When the police stop someone on suspicion of drinking and driving they typically ask the motorist to perform what are collectively referred to as “field sobriety tests”, or FSTs. There are a number of tests an officer could ask you to perform if you are ever stopped for driving under the influence. Some of the FSTs are considered to be “standardized”, meaning that they have been approved by the National Highway Traffic Safety Administration, or NHTSA, while others are non-standardized tests. One of the most common standardized FSTs performed when someone is stopped for suspicion of DUI in Florida is the horizontal gaze nystagmus, or HGN test.

You may have seen the HGN test performed on television on one of the many reality law enforcement shows. The test involves an officer holding an object –usually a pen light – in front of a motorist’s eyes and asking the motorist to follow the object with his or her eyes. The purpose of this test is to see if the motorist’s eyes “twitch” or “bounce” when following the object. The term “nystagmus” refers to a jerking or twitching of the eye when the inner ear is disturbed. Horizontal gaze nystagmus specifically refers to a jerking or twitching when the eye moves horizontally, or to the side. Alcohol, as well as some other central nervous system depressants, can cause the brain to lack control over the eye movement, causing HGN. In theory, the more alcohol you drink the more your eye will “jerk”, “bounce”, or “twitch” when an officer performs the HGN test.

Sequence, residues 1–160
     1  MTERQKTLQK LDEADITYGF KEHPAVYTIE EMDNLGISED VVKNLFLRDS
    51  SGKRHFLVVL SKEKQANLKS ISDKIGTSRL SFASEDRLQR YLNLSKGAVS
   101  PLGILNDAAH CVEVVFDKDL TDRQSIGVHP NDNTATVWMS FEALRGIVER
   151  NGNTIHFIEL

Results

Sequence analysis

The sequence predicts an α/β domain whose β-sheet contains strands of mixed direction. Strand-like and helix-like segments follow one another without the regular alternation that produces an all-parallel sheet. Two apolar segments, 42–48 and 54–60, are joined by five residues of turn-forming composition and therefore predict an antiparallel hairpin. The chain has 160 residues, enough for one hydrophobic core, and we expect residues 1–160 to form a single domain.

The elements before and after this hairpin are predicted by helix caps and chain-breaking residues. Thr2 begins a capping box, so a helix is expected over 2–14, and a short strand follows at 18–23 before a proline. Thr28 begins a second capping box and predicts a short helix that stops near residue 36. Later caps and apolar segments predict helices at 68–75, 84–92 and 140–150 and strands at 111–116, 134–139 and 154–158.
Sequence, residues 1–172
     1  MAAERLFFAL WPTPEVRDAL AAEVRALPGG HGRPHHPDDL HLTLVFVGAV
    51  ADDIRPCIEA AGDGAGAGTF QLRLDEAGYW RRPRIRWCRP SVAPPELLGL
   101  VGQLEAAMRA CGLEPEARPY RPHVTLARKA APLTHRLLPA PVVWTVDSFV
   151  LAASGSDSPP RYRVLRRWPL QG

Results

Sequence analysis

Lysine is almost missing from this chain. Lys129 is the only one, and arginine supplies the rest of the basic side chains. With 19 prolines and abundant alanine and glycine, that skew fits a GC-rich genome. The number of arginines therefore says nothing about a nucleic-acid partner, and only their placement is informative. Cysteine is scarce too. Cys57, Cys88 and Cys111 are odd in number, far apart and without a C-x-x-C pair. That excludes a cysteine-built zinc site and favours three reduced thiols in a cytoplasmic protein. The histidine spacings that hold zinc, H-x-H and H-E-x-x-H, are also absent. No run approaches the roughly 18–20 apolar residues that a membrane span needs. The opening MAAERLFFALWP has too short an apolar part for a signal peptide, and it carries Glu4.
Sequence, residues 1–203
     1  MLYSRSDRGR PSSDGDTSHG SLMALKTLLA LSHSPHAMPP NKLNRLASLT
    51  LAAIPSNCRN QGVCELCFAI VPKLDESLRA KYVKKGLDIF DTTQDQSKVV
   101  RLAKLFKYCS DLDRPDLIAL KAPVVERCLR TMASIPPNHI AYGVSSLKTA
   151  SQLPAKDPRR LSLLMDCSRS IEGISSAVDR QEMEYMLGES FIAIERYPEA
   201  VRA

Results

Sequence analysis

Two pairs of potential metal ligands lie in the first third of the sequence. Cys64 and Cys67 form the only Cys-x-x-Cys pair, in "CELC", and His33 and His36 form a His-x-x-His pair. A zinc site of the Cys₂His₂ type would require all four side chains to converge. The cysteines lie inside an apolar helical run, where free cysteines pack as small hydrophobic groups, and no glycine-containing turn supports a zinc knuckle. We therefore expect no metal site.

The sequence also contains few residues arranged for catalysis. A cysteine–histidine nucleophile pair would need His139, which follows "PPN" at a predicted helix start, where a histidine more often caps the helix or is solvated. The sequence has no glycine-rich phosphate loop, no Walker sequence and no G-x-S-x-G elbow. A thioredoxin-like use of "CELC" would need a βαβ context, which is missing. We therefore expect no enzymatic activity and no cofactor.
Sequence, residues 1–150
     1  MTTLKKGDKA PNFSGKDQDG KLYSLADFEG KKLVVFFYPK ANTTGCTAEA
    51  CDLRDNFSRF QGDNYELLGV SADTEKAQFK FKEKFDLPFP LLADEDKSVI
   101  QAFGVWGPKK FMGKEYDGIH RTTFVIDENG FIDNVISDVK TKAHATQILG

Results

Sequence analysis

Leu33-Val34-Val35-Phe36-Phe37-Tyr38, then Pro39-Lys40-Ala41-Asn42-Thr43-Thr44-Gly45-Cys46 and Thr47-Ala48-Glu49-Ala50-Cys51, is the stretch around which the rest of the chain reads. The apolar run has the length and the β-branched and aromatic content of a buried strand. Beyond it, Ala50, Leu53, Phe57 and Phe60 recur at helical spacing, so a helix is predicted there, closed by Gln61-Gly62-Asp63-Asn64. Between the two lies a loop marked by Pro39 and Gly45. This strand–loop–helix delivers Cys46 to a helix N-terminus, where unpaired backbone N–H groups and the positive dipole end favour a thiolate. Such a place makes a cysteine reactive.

Although there is a certain amount of science behind the HGN test, it is far from infallible. There are other things that can cause HGN aside from the consumption of alcohol. Moreover, and often more importantly, the results of the HGN test are subjective, meaning that the officer who performs the test decides whether or not you passed the test. If the officer fails to perform the test correctly, or fails to read the results properly, you could fail the test unfairly.

If you were recently arrested for driving under the influence in Florida and the arresting officer performed the HGN test on you during your arrest, consult with an experienced Florida DUI attorney as soon as possible.

To learn more, please download our free What to Expect During a Florida Driving Under the Influence Stop here.

If you have been charged with driving under the influence, or DUI, in the State of Florida, consult with an experienced criminal defense attorney as soon as possible to discuss your legal options. Contact the team at Powers Sellers & Finkelstein PLC by calling 727-531-2926 today to schedule your appointment.